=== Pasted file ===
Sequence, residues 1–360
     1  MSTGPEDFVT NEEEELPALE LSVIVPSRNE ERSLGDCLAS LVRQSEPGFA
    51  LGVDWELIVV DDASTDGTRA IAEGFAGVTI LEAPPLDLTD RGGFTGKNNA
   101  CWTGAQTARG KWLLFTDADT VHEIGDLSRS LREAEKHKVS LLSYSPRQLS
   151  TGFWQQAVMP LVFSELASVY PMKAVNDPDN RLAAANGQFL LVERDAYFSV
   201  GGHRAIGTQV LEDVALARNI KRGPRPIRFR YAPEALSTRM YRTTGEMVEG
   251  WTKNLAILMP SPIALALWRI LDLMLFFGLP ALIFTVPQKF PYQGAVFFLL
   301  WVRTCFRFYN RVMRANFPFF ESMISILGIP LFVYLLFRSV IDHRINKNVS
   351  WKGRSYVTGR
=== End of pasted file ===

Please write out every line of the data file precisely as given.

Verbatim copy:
Sequence, residues 1–360
     1  MSTGPEDFVT NEEEELPALE LSVIVPSRNE ERSLGDCLAS LVRQSEPGFA
    51  LGVDWELIVV DDASTDGTRA IAEGFAGVTI LEAPPLDLTD RGGFTGKNNA
   101  CWTGAQTARG KWLLFTDADT VHEIGDLSRS LREAEKHKVS LLSYSPRQLS
   151  TGFWQQAVMP LVFSELASVY PMKAVNDPDN RLAAANGQFL LVERDAYFSV
   201  GGHRAIGTQV LEDVALARNI KRGPRPIRFR YAPEALSTRM YRTTGEMVEG
   251  WTKNLAILMP SPIALALWRI LDLMLFFGLP ALIFTVPQKF PYQGAVFFLL
   301  WVRTCFRFYN RVMRANFPFF ESMISILGIP LFVYLLFRSV IDHRINKNVS
   351  WKGRSYVTGR